HistoricalMullet: Vermont and Massachusetts lead the way today as they did in the past

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(continuing to track the development of same-sex and gay marriage this post also includes, in the discussion, what I think is the first question & answer on the potential for a US Civil War over Red v. Blue divides and my first response that civil wars take generations to develop and usually a central dividing fulcrum. Seventeen years after this post we may have gotten closer, but we’re still a long way from a Civil War but it does appear that Red v. Blue identity-based divisions are the main drivers rather than a concrete divide over something more tangible ed 11-5-2023)

Learn something new every day. Vermont and Massachusetts are getting bashed by all sorts of folks (conservative and liberals) for being “out of touch” with “mainstream America” and “deep-seated American values” in regards to allowing same-sex civil unions or the recent court case in Mass. requiring congress to find a way to recognize gay marriage.

In HIS 348 (Civil War) lecture yesterday I learned that in 1777 Vermont was also the first state to make the slave trade illegal as a colony because it found the practice inconsistent with the Declaration of Independence they were now fighting for.

They were followed by Massachusetts soon thereafter as the second colony (this is all before the Constitution by a good decade). Something to think about. I wonder if at the time VT and MA were bashed as being “out of touch” with “deep-seated colonial values”?

Who knows.

Stopped by the Gay-Straight Alliance chapter on campus yesterday, and traded contact information. The group is withering out there in Waleska, too many gays are afraid to put themselves in a very conservative campus/community and too many straights are in the “giggly” immature phase where they’re afraid if they join the GSA their friends will think they are gay. I don’t have much time with class schedules but I offered to help where I could. This year’s charity drive is aimed to support the Rainbow House in Atlanta.


Whoever would’ve thought that Vermont of all places would be the first to lead the nation in anything, let alone two things of such great significance? I mean, to paraphrase Arthur Bach, “I heard they recently had the whole state carpeted….”

Yes, it is such a quiet unassuming state that you would never expect to be able to go there and see the MASSIVE RADICAL SEETHING REBELLION BELLION BELLION OF VERMOOOOONT!



I swear, Delaware, New Hampshire (until recently Vermont), we could trade all these states for Canada taking only Vancouver, BC (the city not the province), and still come out ahead. I mean what have they done lately?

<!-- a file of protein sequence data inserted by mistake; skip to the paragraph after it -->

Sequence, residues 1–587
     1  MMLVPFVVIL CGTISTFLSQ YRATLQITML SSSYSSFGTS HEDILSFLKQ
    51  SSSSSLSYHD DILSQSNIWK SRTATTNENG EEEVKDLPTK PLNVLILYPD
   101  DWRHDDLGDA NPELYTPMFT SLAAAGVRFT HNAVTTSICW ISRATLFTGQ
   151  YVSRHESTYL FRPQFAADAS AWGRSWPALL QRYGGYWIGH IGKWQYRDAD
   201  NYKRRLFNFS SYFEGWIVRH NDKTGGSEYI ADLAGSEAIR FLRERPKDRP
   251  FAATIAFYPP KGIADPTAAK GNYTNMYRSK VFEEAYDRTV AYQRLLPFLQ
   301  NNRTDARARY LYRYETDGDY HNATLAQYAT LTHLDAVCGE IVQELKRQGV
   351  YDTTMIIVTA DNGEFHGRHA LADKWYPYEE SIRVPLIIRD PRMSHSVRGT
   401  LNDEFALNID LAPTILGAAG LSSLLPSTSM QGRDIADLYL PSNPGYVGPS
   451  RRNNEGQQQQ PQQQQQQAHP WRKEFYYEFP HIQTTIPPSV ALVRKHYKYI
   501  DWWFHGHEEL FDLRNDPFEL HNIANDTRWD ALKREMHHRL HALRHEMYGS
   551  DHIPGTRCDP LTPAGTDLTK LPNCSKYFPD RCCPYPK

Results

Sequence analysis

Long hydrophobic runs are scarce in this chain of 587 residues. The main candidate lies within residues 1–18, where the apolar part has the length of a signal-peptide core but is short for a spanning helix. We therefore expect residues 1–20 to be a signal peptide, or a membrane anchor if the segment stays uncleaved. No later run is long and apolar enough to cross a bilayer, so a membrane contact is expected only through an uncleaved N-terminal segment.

Would disagreements like over gay marriage eventually lead to a Civil War?

n College v1.0 I took a Civil War class (I bailed on college the last two weeks that time around and hence turned an A into an F). I wrote a paper based on Clausewitz’s “war is politics by other means” and made the case that the Civil War was politically fought from 1820-1861, then the military fought for four years, and resumed in political warfare through Reconstruction ending in 1877. What I noted was the intense passion and intransigence of the two sides over the firebrand issue of slavery (which was the reason the Civil War was fought, not to free them, but because of a three-decade struggle between the North and South states politically to deal with the issue).

Now while researching the French Religious/Civil Wars I find a similar period of civil/social build-up and political fighting from the 1510’s-1550’s before violence broke out. There the single issue that could not be compromised on was religion (Catholic/Protestant). I’m not sure but I believe there was a similar decades-long social/political buildup/stalemate process leading up to the Glorious Revolution in England (Civil War between parliament and crown), though the French Revolution was distinctly lacking in it.

Makes me worry at times how long we can go with a 50/50 split in this country and political stalemate before something blows. I don’t see any clear-cut issue that is so controversial and widespread, though I fear religion and government is coming down the pike because it touches on a lot of hot buttons (abortion, gay marriage, prayer in school, etc.) Anyways something to note.

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